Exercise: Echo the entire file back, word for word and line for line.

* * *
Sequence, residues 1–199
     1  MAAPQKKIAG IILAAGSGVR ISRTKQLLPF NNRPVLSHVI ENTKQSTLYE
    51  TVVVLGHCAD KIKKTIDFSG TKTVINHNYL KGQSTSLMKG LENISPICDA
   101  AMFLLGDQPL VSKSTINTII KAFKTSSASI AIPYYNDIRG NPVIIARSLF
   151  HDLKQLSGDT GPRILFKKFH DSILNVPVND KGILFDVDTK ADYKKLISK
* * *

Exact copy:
Sequence, residues 1–199
     1  MAAPQKKIAG IILAAGSGVR ISRTKQLLPF NNRPVLSHVI ENTKQSTLYE
    51  TVVVLGHCAD KIKKTIDFSG TKTVINHNYL KGQSTSLMKG LENISPICDA
   101  AMFLLGDQPL VSKSTINTII KAFKTSSASI AIPYYNDIRG NPVIIARSLF
   151  HDLKQLSGDT GPRILFKKFH DSILNVPVND KGILFDVDTK ADYKKLISK